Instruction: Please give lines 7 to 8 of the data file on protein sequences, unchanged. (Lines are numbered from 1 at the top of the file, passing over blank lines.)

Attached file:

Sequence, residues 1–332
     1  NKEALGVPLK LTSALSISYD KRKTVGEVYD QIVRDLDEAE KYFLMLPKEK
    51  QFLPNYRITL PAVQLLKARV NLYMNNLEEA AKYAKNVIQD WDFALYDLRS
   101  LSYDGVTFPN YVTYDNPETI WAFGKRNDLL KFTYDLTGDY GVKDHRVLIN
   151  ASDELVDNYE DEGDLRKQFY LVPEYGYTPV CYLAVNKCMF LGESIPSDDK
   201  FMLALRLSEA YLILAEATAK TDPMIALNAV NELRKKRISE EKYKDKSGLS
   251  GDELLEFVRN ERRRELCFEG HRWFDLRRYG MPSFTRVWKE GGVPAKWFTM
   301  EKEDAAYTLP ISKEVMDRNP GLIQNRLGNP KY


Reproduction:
   251  GDELLEFVRN ERRRELCFEG HRWFDLRRYG MPSFTRVWKE GGVPAKWFTM
   301  EKEDAAYTLP ISKEVMDRNP GLIQNRLGNP KY